This is one of my favorite early signs of Spring in Seattle! If you haven’t already this month, take advantage of the good weather this weekend and do your spring rose pruning now. In general, you want to cut out all the dead and damaged canes. Then remove the spindly canes, those thinner than a pencil diameter. Now to the healthy canes; these are the ones which will produce those beautiful, scented roses we all hope for. Begin with removing the canes that are crossing the middle. You want the structure of your rose to look like an open hand (or you can also call it vase-like) You want to take the canes down to about 18″ high. You are looking for an outward facing bud and cut about a quarter inch above that. This cut needs to be at an angle so the raindrops slip off the cane and not into it. This helps prevent later disease without spraying. If you haven’t already, be sure to remove all the dead leaves that are on the ground. The splash up of rain from any diseased foliage can cause the spread of rust, black spot or fungal diseases so it’s good to be diligent.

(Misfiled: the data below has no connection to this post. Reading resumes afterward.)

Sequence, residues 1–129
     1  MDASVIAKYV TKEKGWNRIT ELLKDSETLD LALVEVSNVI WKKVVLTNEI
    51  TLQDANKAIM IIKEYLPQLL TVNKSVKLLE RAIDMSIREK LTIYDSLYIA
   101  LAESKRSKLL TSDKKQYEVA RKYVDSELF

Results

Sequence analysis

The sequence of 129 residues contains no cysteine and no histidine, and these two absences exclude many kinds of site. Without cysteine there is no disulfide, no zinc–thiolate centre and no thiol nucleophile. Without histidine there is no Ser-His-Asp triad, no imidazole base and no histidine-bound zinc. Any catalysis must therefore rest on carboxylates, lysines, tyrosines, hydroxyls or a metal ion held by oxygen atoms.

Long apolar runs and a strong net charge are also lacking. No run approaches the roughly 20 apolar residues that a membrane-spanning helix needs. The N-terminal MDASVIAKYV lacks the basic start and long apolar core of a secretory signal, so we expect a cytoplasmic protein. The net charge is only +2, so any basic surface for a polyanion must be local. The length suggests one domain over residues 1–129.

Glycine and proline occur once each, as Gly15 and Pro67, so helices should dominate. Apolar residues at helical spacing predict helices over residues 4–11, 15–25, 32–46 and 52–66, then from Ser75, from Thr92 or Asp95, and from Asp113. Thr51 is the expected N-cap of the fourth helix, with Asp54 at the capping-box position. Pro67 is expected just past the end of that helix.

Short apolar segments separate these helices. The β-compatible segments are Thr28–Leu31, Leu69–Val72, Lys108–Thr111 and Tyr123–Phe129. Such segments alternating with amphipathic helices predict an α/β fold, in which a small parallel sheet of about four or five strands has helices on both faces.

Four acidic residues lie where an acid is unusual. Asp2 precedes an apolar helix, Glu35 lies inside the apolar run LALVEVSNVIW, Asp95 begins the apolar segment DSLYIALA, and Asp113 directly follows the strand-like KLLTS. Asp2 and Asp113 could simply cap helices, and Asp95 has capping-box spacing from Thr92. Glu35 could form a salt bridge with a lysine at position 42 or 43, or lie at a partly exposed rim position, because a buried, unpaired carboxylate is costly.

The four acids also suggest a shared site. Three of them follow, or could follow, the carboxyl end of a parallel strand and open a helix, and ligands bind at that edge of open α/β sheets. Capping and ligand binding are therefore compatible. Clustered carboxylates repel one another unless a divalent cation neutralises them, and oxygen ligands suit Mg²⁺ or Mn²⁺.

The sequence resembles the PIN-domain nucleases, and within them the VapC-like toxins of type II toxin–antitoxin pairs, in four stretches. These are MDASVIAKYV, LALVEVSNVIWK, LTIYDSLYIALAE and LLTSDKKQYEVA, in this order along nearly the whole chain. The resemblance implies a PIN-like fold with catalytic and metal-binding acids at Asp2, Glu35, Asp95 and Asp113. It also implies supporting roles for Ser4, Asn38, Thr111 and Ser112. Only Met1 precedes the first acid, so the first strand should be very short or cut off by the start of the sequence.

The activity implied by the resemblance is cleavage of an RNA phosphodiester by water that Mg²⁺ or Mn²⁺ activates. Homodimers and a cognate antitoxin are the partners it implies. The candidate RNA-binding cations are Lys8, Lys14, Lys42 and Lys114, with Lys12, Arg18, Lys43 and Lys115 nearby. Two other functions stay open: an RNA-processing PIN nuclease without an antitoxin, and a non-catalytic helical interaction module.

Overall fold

This is also the time of year to fertilize your roses as the canes grow and produce new buds, branches, canes and foliage. I strongly recommend using an organic fertilizer for roses, which allows the rose to use the fertilizer as it needs it, rather than overwhelming the rose with an instant feed. This “instant feed” usually causes too much foliage growth, which encourages aphids even more to feed on the soft new leaves, which leads to black spot.
Please comment if you have any additional questions about roses. I’d like to help you get them ready for 2013! I am available to meet with you in person to either prune them or coach you how to do it yourself. Contact me directly here. The Rose Garden at Woodland Park Zoo is also having a pruning demonstration this Saturday. I used to volunteer here and know first hand about its quality and organic practices.